Medicines for Europe Leadership Team on Generics Industry COVID Response & European Pharma Reform

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In conversation with PharmaBoardroom Christoph Stoller and Adrian Van den Hoven of Medicines for Europe, the association representing the European generics, biosimilar and value-added-medicines industry, highlighted their members’ rapid response to the COVID-19 crisis and why Europe-wide reform is needed to avoid future medicine shortages and strengthen the supply chain.

 

Stoller, the association’s president as well as general manager for Teva in Austria and Germany, was keen to contrast the fast and effective response that his industry displayed at the outbreak of the pandemic with the hesitation and panic of European national governments and the EU.

 

 

We are not asking for anything new, but the COVID crisis has clearly shown that we cannot go on with the current way that our systems are organised

Christoph Stoller, president, Medicines for Europe

 

“We as an industry had contingency plans ready and went immediately into crisis mode to ensure that supply was maintained,” he noted. “That worked very well thanks to the fact that we were well prepared and had active pharmaceutical ingredients (APIs) and other key materials in stock.”

 

“However, governments also need to be well prepared for pandemics. At the beginning of the crisis, there was a somewhat chaotic rush for personal protective equipment (PPE) and intensive care unit (ICU) drugs exacerbated by border closures. Thankfully, EC intervention has improved that.”

 

Not wanting to see a repeat of this situation, Stoller asked, “looking forward, how are we going to ensure these shortages do not happen again and who should pay for it?” He proclaims, “There needs to be a sustainable system to ensure the reliable supply of medicines in Europe. One way to do this is to engage in a dialogue with national government to secure necessary stock in every area, including hospitals, of key drugs. During the crisis, nobody had visibility on where these goods were on either a country or European level; that is something that we need to improve. Countries should use this time after the peak of the crisis to set up these systems.”

 

“Secondly, the European Centre for Disease Prevention and Control (ECDC) and EMA need to obtain better epidemiological data to ascertain the need for essential drugs in different areas.”

 

Stoller concludes, “Finally, we need to change the way that our systems work. Certain European countries cannot continue to maintain an unsustainable preference for the lowest-cost generic option. For example, there needs to be a move away from tenders run on price alone to begin to include other criteria such as supply security. This needs financial commitments from the member states to ensure equitable and sustainable access at all times.”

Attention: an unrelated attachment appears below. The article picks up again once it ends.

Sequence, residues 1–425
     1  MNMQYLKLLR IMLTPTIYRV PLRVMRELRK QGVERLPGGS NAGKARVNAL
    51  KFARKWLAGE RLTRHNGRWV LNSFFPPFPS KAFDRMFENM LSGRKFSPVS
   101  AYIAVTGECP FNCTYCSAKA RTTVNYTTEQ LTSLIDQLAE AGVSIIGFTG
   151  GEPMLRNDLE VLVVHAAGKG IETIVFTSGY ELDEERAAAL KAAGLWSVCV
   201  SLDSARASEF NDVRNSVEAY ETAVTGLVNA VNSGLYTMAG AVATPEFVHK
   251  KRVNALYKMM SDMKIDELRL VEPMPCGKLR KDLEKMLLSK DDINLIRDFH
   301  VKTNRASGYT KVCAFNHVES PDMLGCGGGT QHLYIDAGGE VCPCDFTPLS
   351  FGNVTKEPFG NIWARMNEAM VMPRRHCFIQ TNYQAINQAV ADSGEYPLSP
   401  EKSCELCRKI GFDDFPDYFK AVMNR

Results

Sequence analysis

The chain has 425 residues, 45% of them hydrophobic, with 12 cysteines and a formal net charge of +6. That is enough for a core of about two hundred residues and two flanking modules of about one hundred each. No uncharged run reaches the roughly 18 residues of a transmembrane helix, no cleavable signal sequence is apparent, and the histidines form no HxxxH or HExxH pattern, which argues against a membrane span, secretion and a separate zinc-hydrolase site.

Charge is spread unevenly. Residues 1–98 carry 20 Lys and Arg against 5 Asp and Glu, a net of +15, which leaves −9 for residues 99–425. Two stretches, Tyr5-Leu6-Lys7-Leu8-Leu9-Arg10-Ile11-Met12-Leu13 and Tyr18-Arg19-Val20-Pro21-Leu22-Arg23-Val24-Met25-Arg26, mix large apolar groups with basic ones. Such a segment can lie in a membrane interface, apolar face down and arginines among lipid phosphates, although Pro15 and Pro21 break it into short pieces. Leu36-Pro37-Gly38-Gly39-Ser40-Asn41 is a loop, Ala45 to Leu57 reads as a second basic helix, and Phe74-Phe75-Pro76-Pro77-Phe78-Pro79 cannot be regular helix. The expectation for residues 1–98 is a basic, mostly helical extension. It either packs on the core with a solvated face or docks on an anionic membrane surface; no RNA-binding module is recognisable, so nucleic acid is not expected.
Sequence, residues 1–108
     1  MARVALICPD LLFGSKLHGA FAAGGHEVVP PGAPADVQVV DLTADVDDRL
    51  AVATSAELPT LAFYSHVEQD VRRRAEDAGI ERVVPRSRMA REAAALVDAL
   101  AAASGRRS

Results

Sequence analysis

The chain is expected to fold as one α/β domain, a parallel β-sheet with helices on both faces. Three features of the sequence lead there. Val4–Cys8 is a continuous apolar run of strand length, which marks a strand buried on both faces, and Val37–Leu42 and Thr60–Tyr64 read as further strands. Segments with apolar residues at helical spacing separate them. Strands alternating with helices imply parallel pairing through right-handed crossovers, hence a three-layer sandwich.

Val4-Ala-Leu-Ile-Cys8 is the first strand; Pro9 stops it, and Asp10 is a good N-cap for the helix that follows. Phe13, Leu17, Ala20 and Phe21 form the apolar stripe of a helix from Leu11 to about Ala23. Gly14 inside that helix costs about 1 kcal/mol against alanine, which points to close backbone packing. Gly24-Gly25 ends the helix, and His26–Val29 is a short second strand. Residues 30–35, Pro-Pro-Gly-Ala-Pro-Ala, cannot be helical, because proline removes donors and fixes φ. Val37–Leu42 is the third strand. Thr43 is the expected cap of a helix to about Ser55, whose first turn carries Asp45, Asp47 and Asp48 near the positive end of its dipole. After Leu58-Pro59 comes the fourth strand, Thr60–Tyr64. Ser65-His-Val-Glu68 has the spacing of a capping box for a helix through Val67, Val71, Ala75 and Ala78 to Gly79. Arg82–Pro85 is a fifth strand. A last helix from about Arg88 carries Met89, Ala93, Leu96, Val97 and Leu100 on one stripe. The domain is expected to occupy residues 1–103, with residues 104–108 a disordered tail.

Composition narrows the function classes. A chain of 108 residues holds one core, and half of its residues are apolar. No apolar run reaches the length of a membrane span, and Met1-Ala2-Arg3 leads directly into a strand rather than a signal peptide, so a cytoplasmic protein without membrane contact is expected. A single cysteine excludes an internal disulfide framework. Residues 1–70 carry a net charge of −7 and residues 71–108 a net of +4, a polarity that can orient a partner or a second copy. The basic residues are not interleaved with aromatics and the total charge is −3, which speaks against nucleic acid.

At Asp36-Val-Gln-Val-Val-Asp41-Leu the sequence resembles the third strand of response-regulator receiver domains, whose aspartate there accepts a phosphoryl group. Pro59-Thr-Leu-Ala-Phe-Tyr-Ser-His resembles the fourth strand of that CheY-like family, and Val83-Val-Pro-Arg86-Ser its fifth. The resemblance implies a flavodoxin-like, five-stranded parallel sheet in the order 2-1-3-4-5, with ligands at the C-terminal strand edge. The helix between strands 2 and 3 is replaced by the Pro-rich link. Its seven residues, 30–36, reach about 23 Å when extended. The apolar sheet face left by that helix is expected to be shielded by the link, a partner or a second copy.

By working more closely with our industry, the EU can achieve the objectives of access equity, shortage avoidance, and more manufacturing jobs in Europe

Adrian van den Hoven, director general, Medicines for Europe

 

“We are not asking for anything new, but the COVID crisis has clearly shown that we cannot go on with the current way that our systems are organised. We need to reform our tender systems, implement sustainable pricing, and revamp the regulatory framework to be more cost-effective and digitalised.”

 

Expanding on how these changes can be effectively put in place, Medicines for Europe Director General Adrian van den Hoven noted that “Changes to pharmaceutical policy can be either beneficial or harmful, depending on how they are implemented. We share a lot of big-picture views with the EC but in the past, we have struggled in terms of practical planning, implementation, and follow up. During the COVID crisis, the close cooperation and dialogue we have had with the EC has been rather successful, solving a lot of problems and avoiding patient shortages.”

 

He added, “We think going forward that all these changes, proposals and new policies should be discussed in a similar manner because implementation, setting clear plans, and achieving goals is an EU weak point. By working more closely with our industry, the EU can achieve the objectives of access equity, shortage avoidance, and more manufacturing jobs in Europe.”

 

Read the full interview with Christoph Stoller & Adrian van den Hoven here

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